Unbearable: Living with a narcissist | Science| In-depth reporting on science and technology | DW | 13.12.2019
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Psychology

Unbearable: Living with a narcissist

People with narcissistic personality disorders are difficult relationship partners. Even if you feel sympathy toward the troubled soul behind the ego, if you don't want to lose yourself, you'd better leave quickly.

"Honey, just rest, I'm doing the grocery shopping today." That's a sentence Sarah never heard from her partner. Certainly not before she was pregnant with their son, but still not even during her pregnancy, or when the little one was born. Her partner's world revolves around one person: himself.

A few months ago, Sarah ended the relationship. A relationship she now says that she herself probably would have advised every friend of hers to leave long ago. Sarah has been in therapy since the separation. The therapist confirmed her suspicion: she lived with a narcissist for five years.

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Little empathy, lots of aggression

"Narcissists are characterized by a lack of empathy," says Bärbel Wardetzki. She is a psychotherapist and author of several books on narcissism. Narcissistic people rarely listen, prefer to talk about themselves and have very little tolerance for opposition in conflict situations, says the expert.

That's exactly what Sarah first noticed. "He completely overreacted during small disagreements and said things like 'if you don't let this go now, then we're done' and I found that very strange and inappropriate." If she didn't verbalize her wishes and needs extremely clearly, she would be forgotten.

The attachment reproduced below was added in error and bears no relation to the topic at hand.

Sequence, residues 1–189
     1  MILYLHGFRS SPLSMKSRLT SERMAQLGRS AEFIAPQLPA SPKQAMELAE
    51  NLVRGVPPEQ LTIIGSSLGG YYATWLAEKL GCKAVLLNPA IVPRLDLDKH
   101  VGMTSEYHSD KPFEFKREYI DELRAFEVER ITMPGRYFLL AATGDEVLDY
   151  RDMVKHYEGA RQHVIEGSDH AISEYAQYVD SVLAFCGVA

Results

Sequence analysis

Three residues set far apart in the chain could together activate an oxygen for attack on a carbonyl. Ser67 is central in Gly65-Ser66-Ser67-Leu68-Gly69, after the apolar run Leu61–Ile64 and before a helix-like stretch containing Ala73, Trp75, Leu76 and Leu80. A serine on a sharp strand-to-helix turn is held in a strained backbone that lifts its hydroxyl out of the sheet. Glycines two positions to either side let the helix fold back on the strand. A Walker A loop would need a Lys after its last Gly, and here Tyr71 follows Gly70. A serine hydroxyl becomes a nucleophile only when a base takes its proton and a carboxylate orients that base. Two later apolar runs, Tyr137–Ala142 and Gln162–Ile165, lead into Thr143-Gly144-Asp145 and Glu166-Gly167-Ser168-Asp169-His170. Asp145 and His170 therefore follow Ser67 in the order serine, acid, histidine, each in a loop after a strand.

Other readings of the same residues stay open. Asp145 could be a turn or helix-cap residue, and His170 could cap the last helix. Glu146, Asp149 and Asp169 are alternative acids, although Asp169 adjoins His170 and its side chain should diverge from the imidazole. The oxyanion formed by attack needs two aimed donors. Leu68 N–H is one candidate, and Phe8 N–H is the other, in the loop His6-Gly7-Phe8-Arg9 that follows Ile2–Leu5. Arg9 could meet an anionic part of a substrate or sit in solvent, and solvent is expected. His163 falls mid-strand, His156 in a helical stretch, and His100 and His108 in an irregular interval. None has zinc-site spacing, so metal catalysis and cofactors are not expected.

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Narcissistic personality disorder

His self-confidence, his determination and his apparent fearlessness — that's what fascinated Sarah at first. He impressed her. Admiration is the life elixir of narcissists.

But it's not easy being the one who denies them admiration! "They can be overly aggressive when someone does something they don't like," says Wardetzki. Narcissists are either admired or intimidated. Instead of respecting and appreciating the people around them, they devalue them.

Despite these typical behaviors, the term narcissist is actually not so easy to define, says Wardetzki. But there's a big difference between being self-assured and being a narcissist. 

"People who say 'I like myself' simply have good self-esteem. They also experience self-doubt, but are able to regulate their emotions and to comfort and support themselves. They know their abilities as well as their limits."

Read more: Being grateful is good for our mental health — even if it's hard sometimes

Not much behind the ego

Pathological narcissism, on the other hand, stems from extremely low self-esteem, according to the psychotherapist. Deep self-doubt must be "compensated by the creation of an oversized self."

As is so often the case, this behavior starts in childhood. Narcissists are "emotionally neglected children," as Wardetzki says.